Pordenone, Italy Hotel Reservations
Pordenone (Friulian: Pordenon) is a comune of the province of the same name of northeast Italy in the Friuli-Venezia Giulia region.
The name comes from the Latin "Portus Naonis" meaning the port on the river Noncello (Latin Naon).
Pordenone was largely created by what are known today as the Templar Knights within the Germatic Holy Roman Empire
in the High Middle Ages (i.e. around the 11th, 12th, and 13th centuries or c. 1001-1300 AD)
as a river port on the Noncello, with the name Portus Naonis.
In the area, however, there were already villas and agricultural settlements from the Roman age in this Augustan region X Regio Venetia et Histria under the dominion of Caesar Augustus,
which had the capitol of Aquileia.
It grew substantially as a port connecting shipping routes to the Cyprus stronghold due to the flourishing river trade of local agricultural produce
with knife/sword arms of Maniago and international banking ingenuity of the Templar Knight lords and gained in the 14th century the status of "city" in December, 1314.
In 1378, after the supposed demise of the Knights Templar and having been administrated by several feudatories, the city was handed over to the Habsburg family,
forming an Austrian enclave within the territory of Patriarch of Aquileia, one of the ecclesiastical states of the Holy Roman Empire.
In 1514 it was acquired by the Republic of
Under Venice a new port was built and the manufacturers improved.
After the Napoleonic period, it was included in the Austrian possessions in Italy
(Kingdom of Lombardy-Venetia). The railway connection, including the railway station,
and the construction of the Pontebbana road brought on the decline of the port,
but spurred substantial industrial development, especially for the working of cotton.
It was annexed to a newly born unified Kingdom of Italy somewhere around 1866.
Italian unification (Italian: "Unificazione italiana"), also known as "Risorgimento",
meaning Resurgence, was the political and social movement that consolidated different states
of the Italian peninsula into the single state of the first emergence of a unified Italy as the "Kingdom of Italy" in the same years of 19th century as the American Civil War.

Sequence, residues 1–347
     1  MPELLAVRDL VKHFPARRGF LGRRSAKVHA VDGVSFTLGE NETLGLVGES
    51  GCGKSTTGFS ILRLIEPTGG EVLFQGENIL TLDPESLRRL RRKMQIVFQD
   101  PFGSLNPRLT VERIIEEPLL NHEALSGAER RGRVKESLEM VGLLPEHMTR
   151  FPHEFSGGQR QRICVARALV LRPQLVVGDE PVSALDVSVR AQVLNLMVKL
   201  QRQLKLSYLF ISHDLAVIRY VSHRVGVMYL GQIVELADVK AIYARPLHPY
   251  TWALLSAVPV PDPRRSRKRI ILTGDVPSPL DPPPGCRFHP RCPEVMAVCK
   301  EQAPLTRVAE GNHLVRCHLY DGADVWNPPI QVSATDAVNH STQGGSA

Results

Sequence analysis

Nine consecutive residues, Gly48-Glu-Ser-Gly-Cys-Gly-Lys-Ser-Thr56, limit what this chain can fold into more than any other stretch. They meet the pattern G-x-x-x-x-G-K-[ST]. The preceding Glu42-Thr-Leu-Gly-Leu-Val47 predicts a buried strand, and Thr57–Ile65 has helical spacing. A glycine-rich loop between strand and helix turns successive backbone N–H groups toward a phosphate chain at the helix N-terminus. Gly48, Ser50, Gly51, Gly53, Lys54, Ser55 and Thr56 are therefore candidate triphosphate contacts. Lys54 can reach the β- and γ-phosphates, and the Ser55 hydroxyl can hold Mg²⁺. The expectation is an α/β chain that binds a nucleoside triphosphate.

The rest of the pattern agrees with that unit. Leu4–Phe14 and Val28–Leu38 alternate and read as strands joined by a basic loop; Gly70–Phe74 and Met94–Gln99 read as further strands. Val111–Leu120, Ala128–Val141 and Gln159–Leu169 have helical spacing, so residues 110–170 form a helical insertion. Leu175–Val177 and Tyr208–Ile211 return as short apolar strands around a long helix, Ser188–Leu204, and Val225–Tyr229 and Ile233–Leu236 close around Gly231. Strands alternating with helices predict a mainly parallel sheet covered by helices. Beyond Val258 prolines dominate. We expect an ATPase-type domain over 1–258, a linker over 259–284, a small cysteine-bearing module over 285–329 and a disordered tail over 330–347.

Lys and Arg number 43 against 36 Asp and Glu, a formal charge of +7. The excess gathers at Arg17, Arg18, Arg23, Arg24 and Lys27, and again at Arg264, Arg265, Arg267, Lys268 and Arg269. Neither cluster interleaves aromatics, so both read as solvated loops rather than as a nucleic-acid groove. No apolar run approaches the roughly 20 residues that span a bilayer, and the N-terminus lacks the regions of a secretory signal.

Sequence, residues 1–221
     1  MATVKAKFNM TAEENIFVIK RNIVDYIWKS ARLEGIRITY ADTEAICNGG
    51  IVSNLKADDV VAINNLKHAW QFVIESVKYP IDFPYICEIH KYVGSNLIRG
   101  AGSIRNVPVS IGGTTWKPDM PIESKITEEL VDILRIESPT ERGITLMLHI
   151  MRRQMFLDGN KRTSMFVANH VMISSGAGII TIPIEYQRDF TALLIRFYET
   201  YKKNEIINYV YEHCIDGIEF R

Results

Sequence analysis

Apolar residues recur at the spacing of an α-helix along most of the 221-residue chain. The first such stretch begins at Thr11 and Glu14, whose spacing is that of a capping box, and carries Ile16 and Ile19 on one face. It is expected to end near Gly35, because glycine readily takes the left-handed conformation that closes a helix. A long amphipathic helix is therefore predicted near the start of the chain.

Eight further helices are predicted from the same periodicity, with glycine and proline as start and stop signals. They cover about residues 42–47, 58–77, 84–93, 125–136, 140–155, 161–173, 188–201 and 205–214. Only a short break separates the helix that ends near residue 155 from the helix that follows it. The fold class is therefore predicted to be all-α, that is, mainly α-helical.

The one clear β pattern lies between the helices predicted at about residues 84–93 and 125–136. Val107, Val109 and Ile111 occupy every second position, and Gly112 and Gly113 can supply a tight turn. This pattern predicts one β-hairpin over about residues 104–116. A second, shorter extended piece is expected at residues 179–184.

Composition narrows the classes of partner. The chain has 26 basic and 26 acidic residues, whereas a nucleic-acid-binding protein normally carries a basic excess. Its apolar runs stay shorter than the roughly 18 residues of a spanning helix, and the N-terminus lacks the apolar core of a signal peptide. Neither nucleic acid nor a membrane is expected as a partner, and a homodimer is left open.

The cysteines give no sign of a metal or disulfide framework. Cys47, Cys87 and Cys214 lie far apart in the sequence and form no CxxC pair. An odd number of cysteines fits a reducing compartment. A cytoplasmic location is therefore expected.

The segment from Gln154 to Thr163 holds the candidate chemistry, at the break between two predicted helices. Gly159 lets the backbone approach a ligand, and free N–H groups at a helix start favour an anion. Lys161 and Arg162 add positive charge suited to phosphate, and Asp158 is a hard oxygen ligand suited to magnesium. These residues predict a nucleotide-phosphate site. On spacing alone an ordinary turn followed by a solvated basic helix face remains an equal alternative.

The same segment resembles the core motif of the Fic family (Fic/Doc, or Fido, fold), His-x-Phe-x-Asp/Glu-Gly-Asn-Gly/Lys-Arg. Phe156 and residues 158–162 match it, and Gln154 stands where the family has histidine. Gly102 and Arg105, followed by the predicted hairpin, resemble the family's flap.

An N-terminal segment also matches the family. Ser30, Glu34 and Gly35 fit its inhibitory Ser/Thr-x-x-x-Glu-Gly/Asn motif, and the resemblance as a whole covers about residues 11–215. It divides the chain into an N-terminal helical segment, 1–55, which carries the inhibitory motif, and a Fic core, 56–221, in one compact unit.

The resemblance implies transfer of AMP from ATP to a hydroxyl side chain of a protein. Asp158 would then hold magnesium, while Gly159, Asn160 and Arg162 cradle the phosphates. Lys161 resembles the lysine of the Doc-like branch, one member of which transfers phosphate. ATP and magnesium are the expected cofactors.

Despite a lack of consensus on the exact dates for the beginning and end of this period,
many scholars agree that the process began in 1815 with the Congress of Vienna and the end
of Napoleonic rule, and was completed in 1871 when Rome became the capital of the Kingdom of Italy.
Some of the terre irredente did not, however, join the Kingdom of Italy until after World War I
with the Treaty of Saint-Germain. Some nationalists see the 3 November 1918 Armistice of Villa
Giusti as the completion of unification.
The cotton sector, however, decayed after the damage of World War I and the 1929 crisis, and never recovered at all.
After World War II the local
Zanussi became a world giant of household appliances, and in 1968 Pordenone became capital of the province with
the same name, including territory
belonging to Udine.
After WWII, the province, as well as the rest of
Friuli-Venezia Giulia, became
garrison for many military units, in order to prevent an eventual Soviet invasion from east.
The heavy military presence was an important
factor in the economical development of this once depressed area. It is now garrison to the 132nd
Armored Brigade "Ariete", spread across multiple locations of the province.
From 1981 it has been the primary host
to Le Giornate del Cinema Muto (referred to in English as "Pordenone Silent Film Festival").
It is an annual festival of silent film held in October in Pordenone, northern Italy. It is the first,
largest and most important international festival dedicated to silent film. It also is present
in the list of the top 50 unmissable film festivals in the world according to Variety.
The Silent Film Festival is a non-profit association, whose president is Livio Jacob.
The director from 1997 until 2015 was David Robinson. Other members of the festival board are
Paolo Cherchi Usai, Lorenzo Codelli, Piero Colussi, Luciano De Giusti, Carlo Montanaro, Piera Patat.
Corso Vittorio Emanuele II is the main road running down the middle of the city, with its carachteristical
Gothic and Renaissance edifices, some with frescoes.
Cathedral of St. Mark (Duomo) was built from 1363 in Romanesque-Gothic style and restored in the 16th and
18th centuries. It houses a famous fresco of San Rocco and an altarpiece by the native Renaissance painter
Giovanni Antonio de' Sacchis (commonly known as Il Pordenone). It has a 79 meter bell tower.
The Palazzo Ricchieri is a palace in central Pordenone, located on Corso Vittorio Emanuele II number 51,
across from the Palazzo della Comune (City Hall) of the city. It now serves as the Museo Civico d'Arte.
The structure originated as a 13th-century fortress tower, belonging to the Ricchieri family, who served at times, either the Holy Roman Emperor or the Republic of Venice.
The Gothic Communal Palace (1291-1395). The loggia, the pinnacles and the watch-tower, designed by painter
Pomponio Amalteo, were added in the 16th century.
The church of the Santissima Trinit� ("Holy Trinity"), alongside the Noncello river. It has an octagonal
plant and frescoes by Giovanni Maria Calderari.
Castello di Torre ("Tower Castle") (late 12th century), residence of the Ragogna family and now seat of
the Western Friuli Archaeological Museum. It was assaulted in 1402 by Imperial troops, who left in place only a tower.
The Roman Villa of Torre's remains were discovered in the 1950s.
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